Japanese streetwear style features some of the most avant garde and unusual fits of anywhere in the world and, in my experience, it is very normalized and acceptable. Yet the introduction of your book recalls how the police literally rounded up hundreds of teenagers dressed in the Ivy style before the 1964 Olympics in Tokyo. What do you think led to the relaxation around clothing styles, or more that the way you dress doesn’t necessarily reflect who you are?
For the first two decades of the postwar, dressing out of uniform was a sign of delinquency. Ivy was the first style that changed people’s perceptions because it was sold in proper stores with advertisements and connections to celebrities. And after Ivy got big, parents watched their children get good jobs even if they dressed “strangely” during high school and college. That calmed everyone down. The compromise became, do whatever you want, just clean up and put on a suit to get a real job.
Who do you think is most directly responsible for the popularization of reproduction vintage denim in Japan? Who is responsible for bringing that trend outside of Japan to the rest of the world?
The first thing to understand is that Japan only started denim production in the early 1970s, and it was all done on high-tech Sulzer looms. So there was no real tradition in Japan of making denim on selvedge looms. In 1980, the guy running Big John at the time had a crazy idea to make a replica of vintage American jeans, including selvedge denim. He provided Kurabō with an old selvedge loom used for making sailcloth (which was a big industry in Kojima, Okayama).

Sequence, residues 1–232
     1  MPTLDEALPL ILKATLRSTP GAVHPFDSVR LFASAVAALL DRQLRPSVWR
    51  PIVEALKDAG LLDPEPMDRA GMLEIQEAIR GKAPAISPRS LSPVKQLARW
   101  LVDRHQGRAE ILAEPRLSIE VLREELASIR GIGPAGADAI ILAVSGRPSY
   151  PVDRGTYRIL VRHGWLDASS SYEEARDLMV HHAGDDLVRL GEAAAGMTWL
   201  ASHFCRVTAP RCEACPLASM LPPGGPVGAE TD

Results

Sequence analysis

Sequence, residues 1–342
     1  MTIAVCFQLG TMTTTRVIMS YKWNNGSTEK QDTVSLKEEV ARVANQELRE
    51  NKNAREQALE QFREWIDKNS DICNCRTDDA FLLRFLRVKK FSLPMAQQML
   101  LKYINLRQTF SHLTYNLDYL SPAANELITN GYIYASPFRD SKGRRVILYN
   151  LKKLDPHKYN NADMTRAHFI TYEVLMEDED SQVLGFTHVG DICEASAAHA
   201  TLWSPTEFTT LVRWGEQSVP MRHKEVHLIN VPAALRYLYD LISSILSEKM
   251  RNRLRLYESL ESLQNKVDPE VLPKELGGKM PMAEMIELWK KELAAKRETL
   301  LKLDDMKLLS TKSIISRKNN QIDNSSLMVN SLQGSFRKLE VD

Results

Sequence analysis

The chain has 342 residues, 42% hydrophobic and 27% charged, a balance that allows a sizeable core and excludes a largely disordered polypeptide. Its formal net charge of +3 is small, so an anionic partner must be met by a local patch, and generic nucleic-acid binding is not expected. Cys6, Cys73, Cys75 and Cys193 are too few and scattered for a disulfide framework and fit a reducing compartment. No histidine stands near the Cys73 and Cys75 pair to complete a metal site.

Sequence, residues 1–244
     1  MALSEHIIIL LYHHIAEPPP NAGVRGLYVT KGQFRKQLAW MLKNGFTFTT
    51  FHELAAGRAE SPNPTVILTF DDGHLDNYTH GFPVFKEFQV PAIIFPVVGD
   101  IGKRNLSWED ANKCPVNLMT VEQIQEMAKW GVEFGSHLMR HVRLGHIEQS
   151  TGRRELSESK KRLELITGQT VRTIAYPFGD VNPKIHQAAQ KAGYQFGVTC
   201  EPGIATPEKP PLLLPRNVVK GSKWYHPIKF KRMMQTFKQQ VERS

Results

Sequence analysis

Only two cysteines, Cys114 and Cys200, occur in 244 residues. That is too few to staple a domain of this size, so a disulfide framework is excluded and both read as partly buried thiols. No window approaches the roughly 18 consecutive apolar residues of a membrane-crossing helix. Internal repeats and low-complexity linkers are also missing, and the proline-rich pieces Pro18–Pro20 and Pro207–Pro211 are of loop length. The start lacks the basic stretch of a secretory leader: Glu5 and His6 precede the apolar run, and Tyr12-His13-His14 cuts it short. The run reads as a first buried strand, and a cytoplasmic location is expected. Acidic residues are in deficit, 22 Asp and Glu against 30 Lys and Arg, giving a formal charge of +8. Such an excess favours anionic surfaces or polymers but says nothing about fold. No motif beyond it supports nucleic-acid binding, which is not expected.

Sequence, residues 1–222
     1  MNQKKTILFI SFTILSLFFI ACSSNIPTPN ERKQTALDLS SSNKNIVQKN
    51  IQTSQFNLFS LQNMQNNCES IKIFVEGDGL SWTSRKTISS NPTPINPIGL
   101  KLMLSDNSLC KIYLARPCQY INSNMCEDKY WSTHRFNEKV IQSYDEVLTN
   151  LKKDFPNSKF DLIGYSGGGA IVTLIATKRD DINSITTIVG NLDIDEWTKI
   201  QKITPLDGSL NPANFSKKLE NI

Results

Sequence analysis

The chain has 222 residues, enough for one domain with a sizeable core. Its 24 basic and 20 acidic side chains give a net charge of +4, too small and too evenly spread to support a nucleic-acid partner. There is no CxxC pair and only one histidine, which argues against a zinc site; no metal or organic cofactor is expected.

These jeans did terribly, and Kurabō forgot about making selvedge denim and focused instead on mura-ito slubby denim yarns which they started selling to French brands. The next Japanese brand to start up and continuously make vintage denim in Japan was Studio D’Artisan. They did not do particularly well either at first, but kicked off the whole movement.
All of this would have stayed in Japan for a long time if it weren’t for Evisu signing a deal with a British businessman in Hong Kong to start exporting to the U.K. From there, people in the West started to hear about Japanese making jeans “more authentic” than American jeans.
Also good to remember that Levi’s Japan came up with the idea of Levi’s Vintage Clothing, which is probably one of the major drivers for vintage denim styles today.
Some of the most sought after vintage and repro items in Japan are American WWII-era military wear. Is there any irony in the Japanese obsession with the uniforms of their one-time enemy or is the appreciation completely earnest?
This is a very complicated issue. First you have to understand that the military reproduction movement did not manifest inside the Japanese fashion industry but more among middle-aged men collector types and military obsessives. There are a few theories for why some Japanese men want to wear American military jackets, often ones from an era when Americans were literally bombing Japan. The two that seem most plausible are: (1) collecting Japanese military paraphernalia is taboo so people interested in “the military” have to shift their interest to American military items (2) American military items are nostalgia for the Occupation, a period in Japanese history.
I was just in Beams Women, however, and they were selling a Buzz Rickson’s flight jacket cut into a tiny size for women to wear fashionably, so at this point with “military jackets” in style, it’s all jumbled.
You mentioned that there was quite a few interesting topics that simply couldn’t fit in the finished book, any of those you’d like to touch on here?
Yes, I had to cut about one-third of the book for length. There were a few topics that definitely needed a trim: You could probably write an entire book just on VAN Jacket’s bankruptcy but it would be really boring.
A few fun things got cut though. One was an insane road trip that VAN Jacket sponsored in 1961 where Kensuke Ishizu’s second son Yūsuke drove the family’s tiny Mazda R360 coupé all the way across the United States to get a few photos of campus style. Kind of a proto-Take Ivy.
More importantly for Heddels readers, I ended up meeting a few people responsible for the beginnings of denim production in Japan — like the first guys responsible for making selvedge denim — and I hope to provide more on that soon.
We’re looking forward to it. Thanks for your time.